Microsoft founder Bill gates has reportedly used human excrement as a prop during a speech on sanitation (toilet) technology. He brandished a jar of human excrement during a speech in China this week, making a plea for safe disposal of human waste.
The billionaire businessman placed the jar on a pedestal next to him during a speech at the ‘Reinvented Toilet’ expo in China.
He started by drawing attention to what was inside the jar and called it human faeces. He said that small amount of faeces could contain 200 trillion rotavirus cells, 20 billion shigella bacteria, and 100,000 parasitic worm eggs.
Gates said he brought it out to draw attention to an issue that kills more than 500,000 people every year. And that is poor sanitation.
Global sanitation problem costs an estimated $223 billion every year. He went to say that the situation will get worse if nothing is done about it.
According to Gates, “There is much more than one jar’s worth in the environment and these pathogens cause diseases like diarrhea, cholera, and typhoid that kills nearly 500,000 children under the age of five annually.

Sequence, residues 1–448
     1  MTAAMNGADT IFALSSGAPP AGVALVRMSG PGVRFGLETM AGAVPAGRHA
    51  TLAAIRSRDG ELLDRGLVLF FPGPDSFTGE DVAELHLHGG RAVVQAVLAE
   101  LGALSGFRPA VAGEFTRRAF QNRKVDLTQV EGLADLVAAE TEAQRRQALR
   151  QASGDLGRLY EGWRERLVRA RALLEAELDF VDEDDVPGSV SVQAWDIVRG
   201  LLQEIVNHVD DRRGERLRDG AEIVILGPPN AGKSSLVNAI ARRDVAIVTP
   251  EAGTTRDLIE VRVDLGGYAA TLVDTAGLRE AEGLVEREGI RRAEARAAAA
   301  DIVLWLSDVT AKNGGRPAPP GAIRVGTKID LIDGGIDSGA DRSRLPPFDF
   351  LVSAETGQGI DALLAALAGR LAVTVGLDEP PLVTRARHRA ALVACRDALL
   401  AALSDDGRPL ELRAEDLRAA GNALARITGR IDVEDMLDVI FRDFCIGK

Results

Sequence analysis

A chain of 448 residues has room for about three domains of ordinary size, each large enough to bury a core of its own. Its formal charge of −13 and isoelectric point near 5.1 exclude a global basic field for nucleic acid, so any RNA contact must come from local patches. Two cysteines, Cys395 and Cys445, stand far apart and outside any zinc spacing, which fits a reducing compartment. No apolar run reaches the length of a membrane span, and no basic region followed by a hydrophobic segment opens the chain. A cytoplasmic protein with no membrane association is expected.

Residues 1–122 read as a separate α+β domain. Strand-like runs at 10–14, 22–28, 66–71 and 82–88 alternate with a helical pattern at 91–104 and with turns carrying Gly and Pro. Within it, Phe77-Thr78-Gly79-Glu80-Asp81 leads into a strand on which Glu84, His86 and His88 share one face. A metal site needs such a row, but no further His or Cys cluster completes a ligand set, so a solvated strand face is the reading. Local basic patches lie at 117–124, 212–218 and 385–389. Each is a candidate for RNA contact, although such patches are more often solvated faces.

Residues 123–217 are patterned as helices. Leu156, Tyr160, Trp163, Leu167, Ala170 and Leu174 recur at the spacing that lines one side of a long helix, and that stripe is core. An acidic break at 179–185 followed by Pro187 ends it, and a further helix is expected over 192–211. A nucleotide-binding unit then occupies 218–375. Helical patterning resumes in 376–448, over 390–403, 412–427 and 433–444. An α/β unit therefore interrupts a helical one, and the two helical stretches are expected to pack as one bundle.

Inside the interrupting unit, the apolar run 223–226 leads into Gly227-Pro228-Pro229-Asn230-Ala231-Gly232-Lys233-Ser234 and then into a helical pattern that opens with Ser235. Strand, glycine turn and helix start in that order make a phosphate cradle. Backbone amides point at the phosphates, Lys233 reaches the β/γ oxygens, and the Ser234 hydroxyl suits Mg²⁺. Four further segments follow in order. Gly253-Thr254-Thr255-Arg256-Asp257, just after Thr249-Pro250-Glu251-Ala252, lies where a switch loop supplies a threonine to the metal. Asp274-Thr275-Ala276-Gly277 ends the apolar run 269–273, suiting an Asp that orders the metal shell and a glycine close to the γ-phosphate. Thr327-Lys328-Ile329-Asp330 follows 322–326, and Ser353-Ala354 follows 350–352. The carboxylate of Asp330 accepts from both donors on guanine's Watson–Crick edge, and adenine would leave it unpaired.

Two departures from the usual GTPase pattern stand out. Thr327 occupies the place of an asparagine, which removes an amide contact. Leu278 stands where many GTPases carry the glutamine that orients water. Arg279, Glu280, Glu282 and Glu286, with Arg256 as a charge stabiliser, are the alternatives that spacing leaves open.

For the last seven years, the Bill and Melinda Gates Foundation has invested over $200 million to create a pathogen killing toilet that can break down human waste and destroy germs. The new toilets leave behind clean water and solids that can be used as fertilizer, or that can disposed of outdoors without treatment needs
The toilets can operate off grid, without piped-in water, or sewer connection or outside electricity. Further, it is able to work for less than $0.5 per day. Some of the current prototypes are solar powered and others can even generate their own energy mechanically.
During the event, over 20 companies were up for the idea by buying into the concept. They signed up to the sanitation project. These companies include Clear, co-San, SCG Chemicals, and Eram Scientific Solutions.
Gates even went on to taste from the water made from faeces and said something like ‘he would happily drink it every day.’ He has also invested in a small-scale treatment plant which is able to process waste from pit latrines, septic tanks and sewers.